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Early results give Iran moderate clear lead

Saturday, June 15, 2013

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Moderate cleric Hassan Rowhani, bolstered by a late surge in support from suppressed Iranian reformists, took an early lead in the presidential election to find a successor to Mahmoud Ahmadinejad, initial results showed on Saturday.

The first round results gave Rowhani 52 percent of the vote, more than three times as many as his nearest rival, with 18 percent of ballots counted, said the interior ministry.

A former top nuclear negotiator who has vowed to mend Iran’s ties with the international community, Rowhani garnered nearly 2,720,000 votes from about 5,211,000 ballots counted by 9am (0430 GMT), the ministry said.

Conservative Tehran mayor Mohammad Baqer Qalibaf was trailing him in second place with 17 percent.

More than 50.5 million Iranians were eligible to vote to find a successor to Ahmadinejad, who after serving two consecutive terms, was constitutionally barred from standing for re-election.

The authorities and media reported massive numbers of people turned out for Friday’s election, with Rowhani benefitting from the withdrawal this week of the only other moderate candidate and the backing of former reformist president Mohammad Khatami.

If no candidate gets an overall majority of 50 percent plus one vote in the first round, the top two candidates will square off in a second-round run-off scheduled for June 21.

Rowhani, 64, led talks with world powers over Iran’s controversial nuclear ambitions under Khatami’s presidency.

During his tenure, in 2003, the Islamic republic agreed to suspend uranium enrichment. It was restarted after Ahmadinejad first became president in 2005.

Iran has been at loggerheads with world powers over its nuclear ambitions, which the West suspects is aimed at developing atomic weapons. The stand-off has resulted in the imposition of harsh economic sanctions and Tehran’s international isolation.

While campaigning, Rowhani promised to move to ease those sanctions, which have led to severe economic pain in the country.

Inflation is raging at more than 30 percent, the Iranian currency, the rial, has lost nearly 70 percent of its value, and unemployment is rising.

On the votes counted so far, Rowhani is followed by Qalibaf with 17 percent; top nuclear negotiator Saeed Jalili with 13 percent; and ex-commander of the Revolutionary Guards Mohsen Rezai with 10 percent. All three of these candidates hail from conservative camps.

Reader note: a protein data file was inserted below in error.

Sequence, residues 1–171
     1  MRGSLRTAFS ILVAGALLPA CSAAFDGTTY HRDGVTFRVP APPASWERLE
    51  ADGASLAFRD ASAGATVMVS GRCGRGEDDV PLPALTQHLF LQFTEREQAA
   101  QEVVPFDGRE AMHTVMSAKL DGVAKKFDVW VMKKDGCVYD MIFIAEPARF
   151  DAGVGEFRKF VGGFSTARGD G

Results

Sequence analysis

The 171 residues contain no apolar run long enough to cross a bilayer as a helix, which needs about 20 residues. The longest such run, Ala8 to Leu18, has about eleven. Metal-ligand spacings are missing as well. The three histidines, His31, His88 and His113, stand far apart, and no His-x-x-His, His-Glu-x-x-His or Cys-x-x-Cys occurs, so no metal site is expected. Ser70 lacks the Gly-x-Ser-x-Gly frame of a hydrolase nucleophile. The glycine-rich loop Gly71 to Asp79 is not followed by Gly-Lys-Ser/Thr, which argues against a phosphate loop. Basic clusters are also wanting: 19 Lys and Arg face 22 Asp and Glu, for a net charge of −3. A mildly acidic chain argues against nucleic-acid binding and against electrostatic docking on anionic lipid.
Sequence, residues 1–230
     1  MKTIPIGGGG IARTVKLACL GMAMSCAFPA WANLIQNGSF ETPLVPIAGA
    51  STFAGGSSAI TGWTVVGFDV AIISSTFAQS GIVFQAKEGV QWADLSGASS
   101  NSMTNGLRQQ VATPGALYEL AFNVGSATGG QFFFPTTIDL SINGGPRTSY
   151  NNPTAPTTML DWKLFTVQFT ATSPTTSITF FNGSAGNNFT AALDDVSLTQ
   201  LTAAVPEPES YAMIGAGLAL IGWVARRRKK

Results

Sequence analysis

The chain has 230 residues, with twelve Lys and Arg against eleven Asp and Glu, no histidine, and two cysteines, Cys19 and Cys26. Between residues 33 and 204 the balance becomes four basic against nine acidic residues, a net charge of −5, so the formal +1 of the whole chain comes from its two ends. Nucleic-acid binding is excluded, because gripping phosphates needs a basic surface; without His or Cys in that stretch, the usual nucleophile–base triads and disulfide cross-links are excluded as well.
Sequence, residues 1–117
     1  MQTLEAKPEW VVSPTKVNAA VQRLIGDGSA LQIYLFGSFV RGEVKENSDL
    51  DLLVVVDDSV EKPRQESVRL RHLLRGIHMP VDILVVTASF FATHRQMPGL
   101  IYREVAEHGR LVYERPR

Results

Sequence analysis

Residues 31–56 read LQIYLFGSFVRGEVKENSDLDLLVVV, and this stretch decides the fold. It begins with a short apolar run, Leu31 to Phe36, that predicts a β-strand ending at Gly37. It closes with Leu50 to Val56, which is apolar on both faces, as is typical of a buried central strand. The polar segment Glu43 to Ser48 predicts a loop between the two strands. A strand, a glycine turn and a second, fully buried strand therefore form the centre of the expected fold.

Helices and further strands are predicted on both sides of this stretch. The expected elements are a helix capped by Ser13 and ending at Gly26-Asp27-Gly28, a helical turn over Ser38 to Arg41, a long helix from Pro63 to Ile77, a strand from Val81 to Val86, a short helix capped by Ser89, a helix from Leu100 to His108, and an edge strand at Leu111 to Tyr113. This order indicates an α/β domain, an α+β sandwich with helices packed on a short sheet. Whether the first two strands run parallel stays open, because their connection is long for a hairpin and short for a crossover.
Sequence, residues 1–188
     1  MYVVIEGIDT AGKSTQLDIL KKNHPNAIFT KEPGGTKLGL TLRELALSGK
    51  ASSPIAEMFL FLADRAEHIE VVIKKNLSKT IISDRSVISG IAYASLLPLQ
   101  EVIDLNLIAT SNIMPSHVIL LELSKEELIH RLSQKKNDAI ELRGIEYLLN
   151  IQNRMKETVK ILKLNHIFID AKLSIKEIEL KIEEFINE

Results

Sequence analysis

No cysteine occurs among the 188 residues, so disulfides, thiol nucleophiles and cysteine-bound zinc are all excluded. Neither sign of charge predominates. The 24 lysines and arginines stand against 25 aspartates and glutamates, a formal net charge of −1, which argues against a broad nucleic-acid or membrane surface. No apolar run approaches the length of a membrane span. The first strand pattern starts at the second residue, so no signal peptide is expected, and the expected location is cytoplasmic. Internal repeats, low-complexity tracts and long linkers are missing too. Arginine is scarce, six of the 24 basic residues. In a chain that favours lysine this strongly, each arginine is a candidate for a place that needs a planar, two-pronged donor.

Jalili, Qalibaf and ex-former foreign minister Ali Akbar Velayati, another candidate who is behind with only five percent of the votes so far, are all considered close to supreme leader Ayatollah Ali Khamenei.

Rowhani, who boasts of close relations with moderate ex-president Akbar Hashemi Rafsanjani, also touts his relation with Khamenei, who has final decision on all key state issues, including the nuclear programme.

Rowhani represented Khamenei in the Supreme National Security Council, Iran’ top security body, where he also served as its secretary for 16 years until 2005.

In the run-up to the disputed re-election of Ahmadinejad in 2009, official election results were quickly released. But in this campaign, counting of the votes has proved to be time consuming.

Earlier, Interior Minister Mostafa Mohammad Najjar said in the early hours of Saturday his electoral staff would not “compromise accuracy for speed”.

Abbas Ali Kadkhodaei, the spokesman for the Guardians Council electoral watchdog, said late Friday that “no violation” had been reported whatsoever across Iran.

Ahmadinejad’s re-election in 2009 sparked massive anti-regime street protests after his opponents and two reformist candidates Mir Hossein Mousavi and Mehdi Karroubi alleged wide-scale voting fraud.

Those protests, stifled by a brutal regime crackdown, led to the eventual detention under house arrest of Mousavi and Karroubi, and a widespread suppression of reformists.

Rowhani’s surge in the campaign came after Khatami publically endorsed him, asking all his supporters to vote for the moderate candidate.

Khatami’s endorsement also gave birth to an online movement, with social networkers urging abstentionists not to waste their votes this time around.

“I will vote for Rowhani, even though I do not know him at all and did not want to vote until yesterday,” said a man named Ali on his Facebook page.

“I will vote because the consensus of those wanting to save Iran is on Rowhani.”

Other net surfers have adopted Rowhani’s official colour – purple – and his symbol of a key to open the door to solutions for Iran’s problems.




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